This book brings together leading international experts in the world of terrorism research and counterterrorism policy-making.
It has three clear areas of focus:
- it looks at current issues and trends in terrorism research
- it explores how contemporary research on terrorism is focused and conducted
- it examines how this research impacts in terms of counterterrorism policy and practice.
This is essential reading for all students of politics and security studies and scholars with an interest in terrorism and policy-making.
Table of Contents
1. An Introduction to Terrorism Research 2. The Case for First-hand Research 3. The Devil You Know: Continuing problems with research on terrorism 4. WMD Terrorism Research: Past & future 5. Everything That Descends Must Converge: Terrorism, globalism and democracy 6. Terrorism and Knowledge Growth: A databases and internet analysis 7. What Do We Know About the Substitution Effect in Transnational Terrorism? 8. Conflict Theory and the Trajectory of Terrorist Campaigns in Western Europe 9. Breaking the Cycle: Empirical research and postgraduate studies on terrorism 10. The Road Less Travelled: Recent trends in terrorism research 11. The Future of Terrorism Research and the Search for Empathy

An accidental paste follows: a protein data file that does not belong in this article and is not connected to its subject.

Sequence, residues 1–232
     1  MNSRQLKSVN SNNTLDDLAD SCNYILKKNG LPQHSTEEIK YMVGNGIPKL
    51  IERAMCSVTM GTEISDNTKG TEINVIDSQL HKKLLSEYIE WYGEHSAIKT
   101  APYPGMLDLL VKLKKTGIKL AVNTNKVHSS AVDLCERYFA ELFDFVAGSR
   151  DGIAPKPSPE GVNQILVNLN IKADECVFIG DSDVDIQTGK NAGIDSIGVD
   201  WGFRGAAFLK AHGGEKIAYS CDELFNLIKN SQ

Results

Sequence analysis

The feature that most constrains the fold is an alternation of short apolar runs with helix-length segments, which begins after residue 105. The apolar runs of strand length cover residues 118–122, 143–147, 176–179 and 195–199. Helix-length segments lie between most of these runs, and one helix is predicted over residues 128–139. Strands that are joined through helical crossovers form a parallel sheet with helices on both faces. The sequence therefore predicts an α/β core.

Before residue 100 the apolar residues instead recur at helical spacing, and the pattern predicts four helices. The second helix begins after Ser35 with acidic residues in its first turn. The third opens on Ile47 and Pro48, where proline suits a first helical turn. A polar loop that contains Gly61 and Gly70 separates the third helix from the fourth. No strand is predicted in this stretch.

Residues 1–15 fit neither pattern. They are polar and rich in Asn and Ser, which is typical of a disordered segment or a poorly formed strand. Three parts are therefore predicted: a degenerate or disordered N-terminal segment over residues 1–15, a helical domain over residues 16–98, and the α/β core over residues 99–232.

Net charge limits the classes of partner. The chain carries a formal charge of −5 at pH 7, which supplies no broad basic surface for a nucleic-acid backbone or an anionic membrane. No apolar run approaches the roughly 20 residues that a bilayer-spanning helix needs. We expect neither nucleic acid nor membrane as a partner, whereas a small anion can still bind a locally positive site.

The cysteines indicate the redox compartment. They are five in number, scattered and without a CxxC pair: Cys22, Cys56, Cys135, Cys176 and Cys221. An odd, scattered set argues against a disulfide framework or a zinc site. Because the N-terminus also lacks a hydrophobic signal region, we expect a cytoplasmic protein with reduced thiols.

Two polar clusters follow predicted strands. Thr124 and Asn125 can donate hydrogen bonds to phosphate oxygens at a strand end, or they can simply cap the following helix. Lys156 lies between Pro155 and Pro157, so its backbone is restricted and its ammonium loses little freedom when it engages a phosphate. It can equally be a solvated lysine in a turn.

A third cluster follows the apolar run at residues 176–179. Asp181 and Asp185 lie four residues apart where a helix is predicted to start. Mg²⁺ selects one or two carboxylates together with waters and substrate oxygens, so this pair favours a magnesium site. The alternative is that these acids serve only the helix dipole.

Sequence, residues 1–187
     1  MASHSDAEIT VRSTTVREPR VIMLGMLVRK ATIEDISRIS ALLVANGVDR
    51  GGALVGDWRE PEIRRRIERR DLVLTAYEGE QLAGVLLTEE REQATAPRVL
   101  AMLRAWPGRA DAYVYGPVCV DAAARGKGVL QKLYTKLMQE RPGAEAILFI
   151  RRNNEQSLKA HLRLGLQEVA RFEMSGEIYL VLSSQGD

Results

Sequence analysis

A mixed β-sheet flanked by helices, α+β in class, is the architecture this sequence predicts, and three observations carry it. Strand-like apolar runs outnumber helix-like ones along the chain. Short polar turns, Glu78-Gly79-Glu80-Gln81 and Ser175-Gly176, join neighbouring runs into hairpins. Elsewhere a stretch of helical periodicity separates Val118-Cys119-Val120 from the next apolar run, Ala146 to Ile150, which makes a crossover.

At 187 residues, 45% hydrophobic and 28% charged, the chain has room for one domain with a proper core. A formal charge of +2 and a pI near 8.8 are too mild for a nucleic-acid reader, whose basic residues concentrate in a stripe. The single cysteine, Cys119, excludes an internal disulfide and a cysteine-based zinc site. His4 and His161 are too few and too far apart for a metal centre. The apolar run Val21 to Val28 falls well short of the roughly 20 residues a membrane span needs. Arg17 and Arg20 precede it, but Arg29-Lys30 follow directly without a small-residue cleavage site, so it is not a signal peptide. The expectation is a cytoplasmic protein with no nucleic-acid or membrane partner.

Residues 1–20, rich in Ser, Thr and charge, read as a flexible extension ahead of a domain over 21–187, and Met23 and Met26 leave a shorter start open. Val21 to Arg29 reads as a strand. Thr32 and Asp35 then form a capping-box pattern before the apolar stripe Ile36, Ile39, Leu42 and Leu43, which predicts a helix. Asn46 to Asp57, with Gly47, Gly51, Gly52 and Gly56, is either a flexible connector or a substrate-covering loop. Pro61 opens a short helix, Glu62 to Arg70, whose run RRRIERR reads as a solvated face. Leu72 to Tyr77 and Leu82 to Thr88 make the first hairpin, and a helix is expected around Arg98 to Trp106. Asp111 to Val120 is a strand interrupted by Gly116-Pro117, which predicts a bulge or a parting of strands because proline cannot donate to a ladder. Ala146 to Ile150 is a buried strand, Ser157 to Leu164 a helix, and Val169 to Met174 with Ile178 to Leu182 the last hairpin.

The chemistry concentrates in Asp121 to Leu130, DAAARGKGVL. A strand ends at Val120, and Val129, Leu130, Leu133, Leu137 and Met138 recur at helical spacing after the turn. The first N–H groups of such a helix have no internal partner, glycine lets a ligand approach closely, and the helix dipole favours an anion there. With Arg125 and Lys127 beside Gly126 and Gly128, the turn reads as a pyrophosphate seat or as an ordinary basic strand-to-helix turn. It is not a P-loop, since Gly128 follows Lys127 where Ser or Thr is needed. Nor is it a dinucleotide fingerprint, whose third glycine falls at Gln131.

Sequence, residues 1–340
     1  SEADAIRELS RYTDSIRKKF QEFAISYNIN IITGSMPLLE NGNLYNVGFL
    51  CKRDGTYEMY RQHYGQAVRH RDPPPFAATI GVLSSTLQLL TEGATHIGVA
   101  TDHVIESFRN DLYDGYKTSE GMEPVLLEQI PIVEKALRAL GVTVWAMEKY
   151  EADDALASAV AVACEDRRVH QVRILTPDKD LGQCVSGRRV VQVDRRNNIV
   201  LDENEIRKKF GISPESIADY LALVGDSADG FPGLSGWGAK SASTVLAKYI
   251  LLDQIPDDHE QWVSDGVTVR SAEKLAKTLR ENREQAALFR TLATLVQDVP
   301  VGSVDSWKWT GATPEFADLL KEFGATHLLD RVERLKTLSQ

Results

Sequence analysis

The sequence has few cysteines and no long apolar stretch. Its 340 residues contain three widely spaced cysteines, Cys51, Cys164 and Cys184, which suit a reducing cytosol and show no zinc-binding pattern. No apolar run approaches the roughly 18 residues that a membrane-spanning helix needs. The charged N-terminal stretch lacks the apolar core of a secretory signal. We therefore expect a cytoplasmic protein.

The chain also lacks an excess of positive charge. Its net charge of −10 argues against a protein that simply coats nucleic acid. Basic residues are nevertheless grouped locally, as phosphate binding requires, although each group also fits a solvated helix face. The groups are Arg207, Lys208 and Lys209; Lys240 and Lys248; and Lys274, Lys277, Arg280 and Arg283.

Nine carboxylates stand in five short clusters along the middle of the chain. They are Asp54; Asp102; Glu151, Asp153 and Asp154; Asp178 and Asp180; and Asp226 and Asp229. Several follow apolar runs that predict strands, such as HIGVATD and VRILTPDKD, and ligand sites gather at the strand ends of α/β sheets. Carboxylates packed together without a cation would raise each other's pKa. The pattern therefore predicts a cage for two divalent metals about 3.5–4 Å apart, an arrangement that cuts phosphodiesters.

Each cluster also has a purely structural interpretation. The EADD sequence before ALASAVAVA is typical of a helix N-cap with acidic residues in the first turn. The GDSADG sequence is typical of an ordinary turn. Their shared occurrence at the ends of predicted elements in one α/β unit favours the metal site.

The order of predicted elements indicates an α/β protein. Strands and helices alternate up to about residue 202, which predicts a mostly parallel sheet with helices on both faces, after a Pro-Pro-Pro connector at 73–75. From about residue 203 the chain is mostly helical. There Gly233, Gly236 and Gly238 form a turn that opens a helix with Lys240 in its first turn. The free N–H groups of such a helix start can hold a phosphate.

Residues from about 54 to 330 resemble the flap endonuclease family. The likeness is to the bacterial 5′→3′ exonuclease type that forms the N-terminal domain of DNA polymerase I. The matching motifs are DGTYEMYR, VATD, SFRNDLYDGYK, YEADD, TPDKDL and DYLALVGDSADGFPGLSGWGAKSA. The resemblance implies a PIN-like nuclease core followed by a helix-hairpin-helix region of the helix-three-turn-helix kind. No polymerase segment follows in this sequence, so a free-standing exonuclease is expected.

Dr Andrew Silke has a background in forensic psychology and has worked both in academia and for the government. He has published extensively on terrorists and terrorism in journals, books and the popular press. His most recent book was Terrorists, Victims and Society: Psychological Perspectives on Terrorism and its Consequences, published by Wiley (2003). He is an Honorary Senior Research Associate of the Centre for the Study of Terrorism and Political Violence at the University of St Andrews and is a Fellow of the University of Leicester. His work has taken him to Northern Ireland, the Middle East and Latin America. He is a member of the International Association for Counterterrorism and Security Professionals and serves on the United Nations Roster of Terrorism Experts.
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'Contributors examine the current issues dominating terrorism research and their impact on counter-terrorism policy and practice. All their findings deserve attention among terrorism analysts.'
Joshua Sinai, The Washington Times